I’d say last night’s Spectacular is the quietest show I’ve ever been to, and I’m including that mime I saw on the street last week. What was great about our trip was the journey: Me and Trev in the car with Vinyl Café on the radio and miles of road before us, heading to one of my favourite cities in the country. There will be more on that, and on friends and architecture. But not tonight.

This is what we live for: a truck going over. Last night it was my favorite truck, Brutus.
This is what we live for: a truck going over. Last night it was my favorite truck, Brutus.

The road to Ottawa is paved with kittens

I was almost asleep last night when Melani said: “I think you and Trev should go see the monster trucks.”

Going to the Monster Spectacular is a tradition with my son and I. We’ve seen every show – fall and spring – for the past four years. Except we missed them at the Big O in October. When we missed it again in April, I told him we’d see about Ottawa in June.

On Monday, against my wishes, he and Melani rescued a kitten. Now, I’m not against rescuing kittens. I’m pro kitten. But we have a (small) house full of animals and so when our older cat found a scrawny, dirty, seven-week-old kitten in our garden, I called Melani at work.

“No,” I said.

She said: “What?”

“Thud has found a kitten,” I said. “He’s looking after it outside, but he may not bring it in.”

“Oh …”

“Do you understand?”

She assured me she did. I tried to catch the kitten anyway; if I could get my hands on it, I could bring it to the pound, as I’ve done with countless strays over the years. I failed.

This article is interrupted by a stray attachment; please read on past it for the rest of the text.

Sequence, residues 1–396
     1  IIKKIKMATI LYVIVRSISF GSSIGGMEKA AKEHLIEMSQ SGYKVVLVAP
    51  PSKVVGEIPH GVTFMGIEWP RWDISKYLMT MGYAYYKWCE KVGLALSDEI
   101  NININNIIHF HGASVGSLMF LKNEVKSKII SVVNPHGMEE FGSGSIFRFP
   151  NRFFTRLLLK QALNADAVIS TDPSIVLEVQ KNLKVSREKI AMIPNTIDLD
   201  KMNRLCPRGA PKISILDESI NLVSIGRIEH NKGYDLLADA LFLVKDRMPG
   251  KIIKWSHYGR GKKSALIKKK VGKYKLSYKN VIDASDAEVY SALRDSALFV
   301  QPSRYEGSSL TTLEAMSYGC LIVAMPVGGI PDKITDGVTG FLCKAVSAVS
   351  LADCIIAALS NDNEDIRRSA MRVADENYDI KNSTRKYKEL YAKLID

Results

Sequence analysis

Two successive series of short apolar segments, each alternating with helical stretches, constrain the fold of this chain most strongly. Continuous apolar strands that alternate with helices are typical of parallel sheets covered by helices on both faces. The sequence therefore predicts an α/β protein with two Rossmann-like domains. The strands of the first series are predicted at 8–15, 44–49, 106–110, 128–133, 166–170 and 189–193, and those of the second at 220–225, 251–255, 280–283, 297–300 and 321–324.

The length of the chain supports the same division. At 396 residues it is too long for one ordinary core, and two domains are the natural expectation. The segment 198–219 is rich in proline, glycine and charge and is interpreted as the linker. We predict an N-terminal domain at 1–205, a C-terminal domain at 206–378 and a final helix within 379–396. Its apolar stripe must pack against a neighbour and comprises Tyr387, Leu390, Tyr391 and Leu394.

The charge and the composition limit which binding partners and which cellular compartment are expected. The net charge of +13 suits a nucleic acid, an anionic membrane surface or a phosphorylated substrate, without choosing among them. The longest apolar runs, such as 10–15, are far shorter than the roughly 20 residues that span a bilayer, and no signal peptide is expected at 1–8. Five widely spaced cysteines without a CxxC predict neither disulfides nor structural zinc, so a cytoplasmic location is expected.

They tell me the kitten was howling and they could hear it all the way on the second storey. I was unmoved. Then it started to rain. I came home to find Melani and the children had already fallen in love with a pound and a half of filthy feline.

His name will probably be Boom, complementing the other cats, Thud and Splat.
His name will probably be Boom, complementing the other cats, Thud and Splat.

And did I mention sickly? By Thursday we were at the vet, where we spent (because this tangent has a purpose) exactly the amount we would have on two tickets to the Monster Spectacular. The monster trucks were off.

Saturday – the day of the rally – friends left for a three-week holiday in Alaska, leaving Trevor to care for their cat (why does my life revolve around cats?). We popped over there late in the morning to make sure everything was in order and … they had left Trevor his money in advance. It was just the amount we needed for tickets and gas and parking. He gleefully handed it over (“I am this family’s saviour!”) on the understanding that he gets it back in the form of a DSI.

We hit the highway an hour later.